France has decided to stop paying for Pfizer's stop-smoking drug Champix. The treatment, sold as Chantix in the U.S., will be pulled from the government formulary of meds eligible for reimbursement because of ongoing controversy about its potential side effects, Health Minister Xavier Bertrand said.
"Questions have been raised about Champix, so I've decided it will no longer be covered by (state) health insurance," Bertrand said in a television interview (as quoted by Reuters). As the news service reports, the FDA in 2009 called for new warnings about potential psychiatric effects from Chantix use.
The FDA warning came after a wave of complaints about Champix/Chantix. Hundreds of patients reported psychiatric side effects ranging from outbursts of anger to suicidal thoughts. One of those patients--a member of the band The New Bohemians--made headlines when he went into a rage, confronted a noisy neighbor and was shot to death. The patient's girlfriend blamed Chantix for his uncontrolled anger.
And just last week, a Tasmanian man committed suicide; a coroner there warned Champix users to be on the lookout for psychiatric symptoms. In early May, a Pennsylvania couple's estates sued Pfizer, alleging that the stop-smoking drug caused their murder-suicide. Sean Wain, who had been taking Chantix, killed his wife and himself in May 2009.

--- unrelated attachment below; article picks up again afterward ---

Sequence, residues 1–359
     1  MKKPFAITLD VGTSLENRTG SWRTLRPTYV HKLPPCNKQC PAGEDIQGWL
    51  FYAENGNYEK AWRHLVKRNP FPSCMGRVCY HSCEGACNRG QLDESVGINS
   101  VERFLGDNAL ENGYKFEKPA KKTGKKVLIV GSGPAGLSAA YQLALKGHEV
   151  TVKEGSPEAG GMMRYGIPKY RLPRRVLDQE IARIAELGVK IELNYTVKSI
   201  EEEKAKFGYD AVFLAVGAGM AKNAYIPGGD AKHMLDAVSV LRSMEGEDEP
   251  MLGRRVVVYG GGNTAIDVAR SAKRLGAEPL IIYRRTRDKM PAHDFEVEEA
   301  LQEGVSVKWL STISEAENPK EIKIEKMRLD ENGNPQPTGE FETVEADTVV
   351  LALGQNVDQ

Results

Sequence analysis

Meanwhile, two weeks ago, a non-profit watchdog claimed Pfizer had misreported adverse Chantix events to the FDA, delaying 589 reports of severe side effects, including 150 suicides. The adverse events also included suicide attempts, depression, aggression and hostility, MSNBC reports. They were allegedly mixed into reports of minor side effects such as nausea and rash.
Pfizer has said that it fully complied with FDA reporting requirements. The company stands by Chantix's safety, saying there's no proof it causes suicide or other serious side effects. Pfizer in the past has pointed out that the stress of quitting smoking can in itself cause depression and other psychological symptoms. And after the news of misreported side effects was released, the FDA said that the new numbers didn't change its estimation of Chantix's risk-benefit profile.